# [Sca-cooks] Weights for spices? Apothecary or Standard for otherFood?

Terry Decker t.d.decker at worldnet.att.net
Wed Jan 9 06:20:03 PST 2008

I replied to this from the road.  The message was waiting on moderator
approval and appears to have gone into limbo.

Spices would commonly have been measured by apothecary weights.  If the
measure is other than apothecary weights, you run into the problem of each
German state having its own value for the pfund running from about 450 grams
to 560 grams.  Since Welser uses the term "lott" (Lot), she is probably
using the pfund rather than the Troyes pound that was the basis of
apothecary measure.

The pfund is divided into 16 unza or 32 lot.  This would make a lott roughly
15 grams.  Cassell's German Dictionary gives the value as "approximately 10
grams," but makes no allowances for the differences in the variation of the
pfund.  15 grams is also roughly 1/2 of a troy ounce, while 10 grams is just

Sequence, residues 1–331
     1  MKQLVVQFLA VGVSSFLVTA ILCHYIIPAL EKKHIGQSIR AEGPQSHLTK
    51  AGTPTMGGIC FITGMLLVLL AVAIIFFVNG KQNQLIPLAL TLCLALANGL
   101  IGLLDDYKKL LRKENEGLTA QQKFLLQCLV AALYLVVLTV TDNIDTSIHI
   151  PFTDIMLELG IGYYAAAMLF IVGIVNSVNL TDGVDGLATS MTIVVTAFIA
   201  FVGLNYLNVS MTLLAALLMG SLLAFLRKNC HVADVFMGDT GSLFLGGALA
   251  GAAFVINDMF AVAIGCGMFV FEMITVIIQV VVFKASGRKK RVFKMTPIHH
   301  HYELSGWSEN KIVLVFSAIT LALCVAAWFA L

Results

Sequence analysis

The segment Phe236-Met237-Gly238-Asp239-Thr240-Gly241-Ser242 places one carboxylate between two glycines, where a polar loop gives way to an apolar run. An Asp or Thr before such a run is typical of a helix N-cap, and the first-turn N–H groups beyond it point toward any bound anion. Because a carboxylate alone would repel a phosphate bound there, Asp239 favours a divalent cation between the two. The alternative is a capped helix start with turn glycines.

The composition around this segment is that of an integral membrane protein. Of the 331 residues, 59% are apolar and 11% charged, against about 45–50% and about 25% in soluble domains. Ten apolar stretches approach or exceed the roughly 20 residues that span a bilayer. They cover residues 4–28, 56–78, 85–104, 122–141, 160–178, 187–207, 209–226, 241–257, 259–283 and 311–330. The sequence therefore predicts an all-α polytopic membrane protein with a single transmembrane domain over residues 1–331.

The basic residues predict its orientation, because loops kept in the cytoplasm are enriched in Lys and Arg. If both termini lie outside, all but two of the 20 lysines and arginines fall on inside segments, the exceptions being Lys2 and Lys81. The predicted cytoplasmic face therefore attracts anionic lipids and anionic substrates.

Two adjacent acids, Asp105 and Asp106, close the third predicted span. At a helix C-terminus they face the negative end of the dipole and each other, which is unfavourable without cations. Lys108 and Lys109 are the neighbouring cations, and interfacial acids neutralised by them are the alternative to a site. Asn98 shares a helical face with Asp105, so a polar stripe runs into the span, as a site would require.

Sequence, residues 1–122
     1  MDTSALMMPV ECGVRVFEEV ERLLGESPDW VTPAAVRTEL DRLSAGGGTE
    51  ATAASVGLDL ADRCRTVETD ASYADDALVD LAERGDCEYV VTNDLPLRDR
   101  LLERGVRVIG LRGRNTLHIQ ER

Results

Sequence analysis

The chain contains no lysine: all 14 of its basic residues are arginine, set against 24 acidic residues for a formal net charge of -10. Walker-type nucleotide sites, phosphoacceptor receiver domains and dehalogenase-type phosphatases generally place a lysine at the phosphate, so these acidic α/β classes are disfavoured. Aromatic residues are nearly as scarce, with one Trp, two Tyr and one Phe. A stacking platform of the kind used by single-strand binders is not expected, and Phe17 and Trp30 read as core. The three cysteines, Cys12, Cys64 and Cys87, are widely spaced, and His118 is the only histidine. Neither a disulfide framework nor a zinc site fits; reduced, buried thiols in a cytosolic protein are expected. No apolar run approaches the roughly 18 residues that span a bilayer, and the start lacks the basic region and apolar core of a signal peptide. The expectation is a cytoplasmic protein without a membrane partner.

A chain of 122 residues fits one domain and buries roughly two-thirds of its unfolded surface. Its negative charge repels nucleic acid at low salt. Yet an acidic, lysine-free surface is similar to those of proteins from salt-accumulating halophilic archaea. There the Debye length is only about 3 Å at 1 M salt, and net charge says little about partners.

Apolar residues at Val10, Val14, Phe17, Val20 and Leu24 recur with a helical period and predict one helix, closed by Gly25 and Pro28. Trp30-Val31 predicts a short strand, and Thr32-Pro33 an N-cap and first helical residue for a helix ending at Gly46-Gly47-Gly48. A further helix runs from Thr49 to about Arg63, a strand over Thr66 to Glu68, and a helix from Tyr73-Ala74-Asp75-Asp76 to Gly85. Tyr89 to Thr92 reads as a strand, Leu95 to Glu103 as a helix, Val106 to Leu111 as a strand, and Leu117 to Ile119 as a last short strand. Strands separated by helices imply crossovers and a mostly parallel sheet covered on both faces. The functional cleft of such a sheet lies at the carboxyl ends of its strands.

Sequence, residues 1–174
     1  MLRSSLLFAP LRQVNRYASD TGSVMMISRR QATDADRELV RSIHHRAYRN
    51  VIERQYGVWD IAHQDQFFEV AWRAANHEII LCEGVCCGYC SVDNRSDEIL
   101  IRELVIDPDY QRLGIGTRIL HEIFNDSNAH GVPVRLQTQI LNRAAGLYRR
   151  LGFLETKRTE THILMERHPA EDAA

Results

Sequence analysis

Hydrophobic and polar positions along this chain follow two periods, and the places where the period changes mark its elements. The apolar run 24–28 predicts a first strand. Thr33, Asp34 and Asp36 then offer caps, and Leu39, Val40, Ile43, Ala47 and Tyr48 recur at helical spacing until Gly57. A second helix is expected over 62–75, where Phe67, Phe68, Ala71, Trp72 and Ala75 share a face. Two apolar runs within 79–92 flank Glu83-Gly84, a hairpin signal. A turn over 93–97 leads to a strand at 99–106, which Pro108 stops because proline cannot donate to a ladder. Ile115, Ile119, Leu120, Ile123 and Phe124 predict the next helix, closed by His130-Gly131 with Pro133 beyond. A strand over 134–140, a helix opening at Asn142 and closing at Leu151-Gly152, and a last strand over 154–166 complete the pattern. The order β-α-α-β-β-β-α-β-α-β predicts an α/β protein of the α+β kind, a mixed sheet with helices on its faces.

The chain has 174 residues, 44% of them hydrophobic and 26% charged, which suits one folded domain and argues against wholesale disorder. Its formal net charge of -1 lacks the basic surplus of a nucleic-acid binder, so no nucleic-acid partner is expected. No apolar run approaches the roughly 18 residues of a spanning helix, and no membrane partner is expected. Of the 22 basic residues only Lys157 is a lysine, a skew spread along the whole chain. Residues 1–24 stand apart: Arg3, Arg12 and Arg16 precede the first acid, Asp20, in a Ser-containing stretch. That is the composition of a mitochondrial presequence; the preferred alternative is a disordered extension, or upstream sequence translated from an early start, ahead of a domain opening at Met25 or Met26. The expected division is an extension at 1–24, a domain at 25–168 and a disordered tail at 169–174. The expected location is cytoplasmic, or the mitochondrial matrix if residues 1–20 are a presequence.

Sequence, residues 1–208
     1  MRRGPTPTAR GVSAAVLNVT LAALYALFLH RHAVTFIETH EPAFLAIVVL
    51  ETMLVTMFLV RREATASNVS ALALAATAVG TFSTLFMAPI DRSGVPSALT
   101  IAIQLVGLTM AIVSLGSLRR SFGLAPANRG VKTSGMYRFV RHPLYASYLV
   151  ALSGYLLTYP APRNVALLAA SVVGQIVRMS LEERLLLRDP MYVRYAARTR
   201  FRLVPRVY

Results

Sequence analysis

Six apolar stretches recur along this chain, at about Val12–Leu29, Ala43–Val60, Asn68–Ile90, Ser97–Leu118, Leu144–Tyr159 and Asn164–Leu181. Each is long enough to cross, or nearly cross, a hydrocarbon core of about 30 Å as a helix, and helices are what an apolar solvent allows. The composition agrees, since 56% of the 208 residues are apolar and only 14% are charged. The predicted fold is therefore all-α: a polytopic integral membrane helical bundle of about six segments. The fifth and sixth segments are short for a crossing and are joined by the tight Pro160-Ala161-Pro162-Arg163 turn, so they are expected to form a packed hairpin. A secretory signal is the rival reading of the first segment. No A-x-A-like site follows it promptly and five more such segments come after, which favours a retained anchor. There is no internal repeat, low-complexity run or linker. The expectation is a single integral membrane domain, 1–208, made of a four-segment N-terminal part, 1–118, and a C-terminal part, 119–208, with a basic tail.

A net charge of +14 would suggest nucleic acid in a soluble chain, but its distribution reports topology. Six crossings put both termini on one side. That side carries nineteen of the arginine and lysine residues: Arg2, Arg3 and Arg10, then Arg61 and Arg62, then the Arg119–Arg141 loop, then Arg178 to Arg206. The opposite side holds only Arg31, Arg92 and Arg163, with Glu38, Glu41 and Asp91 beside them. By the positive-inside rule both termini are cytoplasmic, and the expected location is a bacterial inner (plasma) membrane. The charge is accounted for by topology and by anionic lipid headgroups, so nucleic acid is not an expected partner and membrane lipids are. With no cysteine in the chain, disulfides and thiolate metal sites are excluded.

under 1/32 (11.66 g) of a troy pound.  I'd probably go with the 15 gram
measure.

If you have anymore questions, fire away.

Bear

> Hi, I just joined this list after hearing about it for years from various
> friends.
>
> I'm attempting to recreate several Lebkuchen recipes out of Sabina
> Welserin's cookbook, written in 1553 in Augsburg. I'm using the original
> Middle High German text found at Thomas Gloning's site,
> http://www.uni-giessen.de/gloning/tx/sawe.htm , because in the English
> translation weights and measurements for the ingredients don't match up
> with the period amounts.
>
> In my research, I've been looking into the weights and measures used for
> various ingredients, and there I've run into a snag. What was used for
> spices? Apothecary weights or regular weights for food?
>
> Thanks for any help,
> Sophia